In a few short months, a new batch of college grads will be entering the workforce. Enlightened by the college experience, they are eager to tackle full-blown adulthood. While well-versed in academics and the theories they learned in school, they will likely soon face a rather large hurdle: lack of job experience.
It’s the ultimate stumbling block: You have no experience so you want to get a job to gain it, but you can’t get a job until you have experience. What do you do?
Maybe you’re a college grad wondering how to tackle this problem. Maybe you’re not, but you want to make a career switch or return to work after a long break, and you don’t know how to convince a hiring manager to take a chance on you over another candidate. Lack of experience is a common problem shared by many people.
If you’re relatively green but interviewing for a job you really want, there are some steps you can take to position yourself for success. Consider these five talking points at interviews for getting a job with minimal experience:
Fresh insight: Highlight that you bring a fresh, new perspective to the team. Smart managers know that for innovation to happen, you need people of many different backgrounds and experience levels to offer input and creativity. Your fresh perspective might be just what is needed to break through stagnant existing problems.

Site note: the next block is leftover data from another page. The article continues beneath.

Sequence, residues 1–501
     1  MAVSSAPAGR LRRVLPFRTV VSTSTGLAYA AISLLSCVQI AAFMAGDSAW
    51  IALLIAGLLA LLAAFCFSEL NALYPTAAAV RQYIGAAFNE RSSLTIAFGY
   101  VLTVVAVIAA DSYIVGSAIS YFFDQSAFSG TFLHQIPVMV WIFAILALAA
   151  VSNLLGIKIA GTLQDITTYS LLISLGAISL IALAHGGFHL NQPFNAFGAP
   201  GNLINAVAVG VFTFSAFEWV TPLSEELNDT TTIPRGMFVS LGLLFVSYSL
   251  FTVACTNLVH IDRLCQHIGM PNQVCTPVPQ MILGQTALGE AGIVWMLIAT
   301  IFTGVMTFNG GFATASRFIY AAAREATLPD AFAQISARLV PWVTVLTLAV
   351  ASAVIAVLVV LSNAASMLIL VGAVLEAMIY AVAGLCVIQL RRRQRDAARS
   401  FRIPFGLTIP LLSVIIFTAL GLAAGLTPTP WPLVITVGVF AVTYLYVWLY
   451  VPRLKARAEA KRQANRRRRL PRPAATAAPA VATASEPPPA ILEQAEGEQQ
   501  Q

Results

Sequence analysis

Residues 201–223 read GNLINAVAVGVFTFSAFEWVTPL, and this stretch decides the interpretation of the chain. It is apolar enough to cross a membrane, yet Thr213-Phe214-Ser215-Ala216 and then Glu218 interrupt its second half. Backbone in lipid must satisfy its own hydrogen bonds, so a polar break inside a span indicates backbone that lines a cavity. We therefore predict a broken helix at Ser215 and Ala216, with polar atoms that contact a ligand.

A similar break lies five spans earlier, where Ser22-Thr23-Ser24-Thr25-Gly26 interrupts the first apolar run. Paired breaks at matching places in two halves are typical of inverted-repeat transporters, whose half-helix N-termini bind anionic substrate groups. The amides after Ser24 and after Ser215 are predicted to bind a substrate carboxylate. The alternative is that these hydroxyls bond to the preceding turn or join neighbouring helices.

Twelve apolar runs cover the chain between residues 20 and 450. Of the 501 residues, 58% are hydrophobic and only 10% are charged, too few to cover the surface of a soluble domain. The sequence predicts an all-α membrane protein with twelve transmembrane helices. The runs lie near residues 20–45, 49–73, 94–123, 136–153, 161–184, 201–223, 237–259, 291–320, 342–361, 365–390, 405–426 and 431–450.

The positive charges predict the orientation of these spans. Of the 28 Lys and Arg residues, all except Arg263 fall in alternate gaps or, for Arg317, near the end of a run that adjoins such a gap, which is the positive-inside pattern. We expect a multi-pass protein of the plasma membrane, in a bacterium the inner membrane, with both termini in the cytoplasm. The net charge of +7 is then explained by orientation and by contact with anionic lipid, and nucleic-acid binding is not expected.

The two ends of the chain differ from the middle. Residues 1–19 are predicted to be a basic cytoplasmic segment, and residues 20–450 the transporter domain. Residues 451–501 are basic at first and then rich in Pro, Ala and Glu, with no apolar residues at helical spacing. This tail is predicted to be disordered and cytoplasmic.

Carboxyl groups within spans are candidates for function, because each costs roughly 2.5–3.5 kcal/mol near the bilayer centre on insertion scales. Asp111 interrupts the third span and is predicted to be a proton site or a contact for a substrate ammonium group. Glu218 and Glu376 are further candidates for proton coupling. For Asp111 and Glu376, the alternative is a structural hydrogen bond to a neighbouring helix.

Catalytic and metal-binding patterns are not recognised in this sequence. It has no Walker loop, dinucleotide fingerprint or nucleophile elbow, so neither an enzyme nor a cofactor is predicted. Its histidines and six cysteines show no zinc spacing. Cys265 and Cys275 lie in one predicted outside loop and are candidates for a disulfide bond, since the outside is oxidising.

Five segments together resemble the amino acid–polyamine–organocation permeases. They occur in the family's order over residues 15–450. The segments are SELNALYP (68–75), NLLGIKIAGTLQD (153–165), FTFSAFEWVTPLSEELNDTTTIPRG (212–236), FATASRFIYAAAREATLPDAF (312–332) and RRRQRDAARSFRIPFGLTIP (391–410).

Moldable: You may have minimal experience, but that also means you are a blank canvas, just primed to be transformed into something amazing. Many companies actually prefer candidates without experience, because that means you haven’t picked up bad habits yet. You are moldable into what the organization wants you to be.
Passionate: Interviewers want to meet with people truly excited about the opportunity. If you can show your passion for the position, you’re already a step ahead of other ho-hum candidates. Talk about how you are highly motivated to start ASAP and are excited to dive into the career you’ve been preparing for throughout the past four years.
Get creative: Now, we’re not talking about bending the truth, but you probably have more applicable experience than you give yourself credit for. While it might not be direct experience, you can certainly pull examples from your studies, time volunteering, extracurricular activities, internships and even your past jobs. Read the job description and think about transferable skills based on your past experiences. Pluck examples you can bring up at the interview. What’s more, have a solid list of references ready to go who can speak to your character and achievements.
Focused, fast learner: The biggest drawback to hiring a newbie is the time investment it will take to get that person up to speed. Put worries at ease by stressing how focused you are at the interview and that you pride yourself on being a fast learner. Promise you’ll work hard. Really hard. And if you’re hired, keep that promise.